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Robber fingers Mugabe

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A prisoner serving an armed robbery sentence stunned a delegation touring Chikurubi Maximum Prison when he openly accused President Robert Mugabe and Zanu PF of being responsible for his incarceration after he was forced into robbery when his employer, a white commercial farmer was forcibly evicted from his farm in 2002.
The prisoner Edmore Mapinje told a delegation led by Justice and Legal Affairs deputy minister Obert Gutu that Zanu PF and President Mugabe forced him to engage in armed robbery for survival after he lost his job as a farm worker during the land invasions.
An emotional Mapinje also said mismanagement by President Mugabe’s government also led to the deterioration of standards at the country’s prisons, especially at Chikurubi Maximum Prison.
“There were mass graves here in 2008 but we did not see government doing anything about it. Why are they denying us food from outside, if government cannot provide us with food?”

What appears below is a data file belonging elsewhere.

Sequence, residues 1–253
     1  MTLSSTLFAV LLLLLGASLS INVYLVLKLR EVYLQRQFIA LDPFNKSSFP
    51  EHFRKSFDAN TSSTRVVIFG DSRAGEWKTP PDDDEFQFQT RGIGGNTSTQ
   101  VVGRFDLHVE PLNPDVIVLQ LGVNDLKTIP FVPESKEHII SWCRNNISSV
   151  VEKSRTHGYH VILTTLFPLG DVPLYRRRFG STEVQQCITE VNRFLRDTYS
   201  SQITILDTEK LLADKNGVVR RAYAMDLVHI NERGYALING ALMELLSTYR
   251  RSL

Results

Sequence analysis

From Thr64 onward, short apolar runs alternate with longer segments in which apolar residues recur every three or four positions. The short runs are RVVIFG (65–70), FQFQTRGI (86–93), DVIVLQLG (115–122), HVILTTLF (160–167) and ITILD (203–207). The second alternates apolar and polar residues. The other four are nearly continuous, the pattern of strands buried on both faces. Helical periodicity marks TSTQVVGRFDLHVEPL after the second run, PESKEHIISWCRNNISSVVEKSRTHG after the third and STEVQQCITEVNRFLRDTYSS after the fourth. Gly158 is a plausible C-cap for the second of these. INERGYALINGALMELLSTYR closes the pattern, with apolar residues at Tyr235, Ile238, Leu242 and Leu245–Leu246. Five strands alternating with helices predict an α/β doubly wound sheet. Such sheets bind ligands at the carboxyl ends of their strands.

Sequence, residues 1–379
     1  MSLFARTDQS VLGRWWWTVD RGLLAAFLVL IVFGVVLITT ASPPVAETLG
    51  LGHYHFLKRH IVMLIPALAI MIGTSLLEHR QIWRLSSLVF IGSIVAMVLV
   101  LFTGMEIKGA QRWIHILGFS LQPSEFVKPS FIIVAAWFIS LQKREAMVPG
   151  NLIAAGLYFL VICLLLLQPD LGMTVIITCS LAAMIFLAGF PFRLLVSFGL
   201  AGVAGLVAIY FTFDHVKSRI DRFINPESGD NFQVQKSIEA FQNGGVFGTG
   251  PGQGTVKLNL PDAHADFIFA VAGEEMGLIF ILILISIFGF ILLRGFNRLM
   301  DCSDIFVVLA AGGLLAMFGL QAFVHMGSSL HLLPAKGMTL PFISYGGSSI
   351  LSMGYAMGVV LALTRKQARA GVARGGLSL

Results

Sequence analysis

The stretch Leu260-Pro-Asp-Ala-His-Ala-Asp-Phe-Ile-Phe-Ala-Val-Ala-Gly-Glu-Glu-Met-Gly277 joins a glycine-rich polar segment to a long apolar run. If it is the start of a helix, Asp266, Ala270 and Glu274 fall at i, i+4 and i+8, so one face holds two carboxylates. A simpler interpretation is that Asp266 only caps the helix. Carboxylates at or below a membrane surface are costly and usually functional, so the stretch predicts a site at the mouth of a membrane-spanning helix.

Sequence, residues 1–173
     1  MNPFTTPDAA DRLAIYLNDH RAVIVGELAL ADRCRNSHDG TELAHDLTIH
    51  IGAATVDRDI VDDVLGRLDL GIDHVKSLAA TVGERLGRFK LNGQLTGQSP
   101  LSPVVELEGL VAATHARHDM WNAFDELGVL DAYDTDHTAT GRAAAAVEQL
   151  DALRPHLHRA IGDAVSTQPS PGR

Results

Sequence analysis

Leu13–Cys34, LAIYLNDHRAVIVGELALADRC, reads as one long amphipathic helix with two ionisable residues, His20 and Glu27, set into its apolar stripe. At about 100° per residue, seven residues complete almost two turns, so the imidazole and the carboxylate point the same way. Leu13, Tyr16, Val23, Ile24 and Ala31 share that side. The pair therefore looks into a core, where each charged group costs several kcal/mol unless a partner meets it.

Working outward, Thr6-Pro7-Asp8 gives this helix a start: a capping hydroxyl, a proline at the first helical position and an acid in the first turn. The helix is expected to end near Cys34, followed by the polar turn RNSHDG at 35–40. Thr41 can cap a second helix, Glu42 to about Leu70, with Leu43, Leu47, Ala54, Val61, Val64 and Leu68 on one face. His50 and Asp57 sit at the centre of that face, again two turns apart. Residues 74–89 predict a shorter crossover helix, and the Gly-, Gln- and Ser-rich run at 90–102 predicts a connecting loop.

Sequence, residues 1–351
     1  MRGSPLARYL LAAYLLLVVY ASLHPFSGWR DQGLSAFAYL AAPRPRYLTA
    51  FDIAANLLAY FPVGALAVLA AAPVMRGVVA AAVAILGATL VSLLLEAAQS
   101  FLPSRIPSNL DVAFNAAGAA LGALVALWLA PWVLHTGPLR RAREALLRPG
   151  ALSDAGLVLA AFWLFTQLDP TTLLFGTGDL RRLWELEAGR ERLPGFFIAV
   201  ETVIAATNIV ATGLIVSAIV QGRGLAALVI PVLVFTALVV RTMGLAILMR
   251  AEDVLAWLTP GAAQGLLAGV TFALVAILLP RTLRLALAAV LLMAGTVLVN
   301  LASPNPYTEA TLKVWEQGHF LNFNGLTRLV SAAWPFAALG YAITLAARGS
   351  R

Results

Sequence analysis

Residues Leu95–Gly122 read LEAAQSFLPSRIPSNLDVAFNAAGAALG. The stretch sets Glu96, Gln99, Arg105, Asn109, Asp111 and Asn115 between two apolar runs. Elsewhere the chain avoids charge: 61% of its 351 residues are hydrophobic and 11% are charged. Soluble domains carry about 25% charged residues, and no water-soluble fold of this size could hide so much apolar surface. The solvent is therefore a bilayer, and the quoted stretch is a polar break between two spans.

“It’s because of Zanu PF that we’re in here (prison) and it is because of President Mugabe’s government. They drove my boss out of his farm, leaving me destitute as well but now they neglect us,” he said. “We are eating sadza and maize on the cob here because they have nothing to give us.”
Prisoners poured out grievance after grievance out as they complained about the state of life behind bars.
Gutu was in Chikurubi to get a first-hand experience on prisoners’ living conditions.
Many prisoners told Gutu that they had contracted diseases due to, among other things, a shortage of medicines and specialist attention.
Other inmates at the prison have become blind due to malnutrition.
Munyaradzi Shavi said he turned blind because of lack of proper nutrition at Chikurubi Maximum Prison.
“I can not get proper medication because prison officers claim there is no fuel to take me to a specialist doctor,” Shavi said.
Reports of tuberculosis are said to be on the increase among inmates but there are no X-ray machines to conduct further checks.
Barnabas Majarira who was convicted of armed robbery and is serving a 16-year jail term said there was no medicine and health personnel to attend to special cases affecting fellow inmates.
It was also revealed during the tour that several inmates were diagnosed with either HIV or Aids and tuberculosis but were awaiting death as the prison has no fuel to take them to hospital.
“Most of us here are HIV positive and we are waiting for our death. We are not equally represented in areas of authority to air our concerns.
“As prisoners, our plight is not considered and as you can see, it’s winter but we have no jerseys. We fear most of us will die of pneumonia,” Majarira said.

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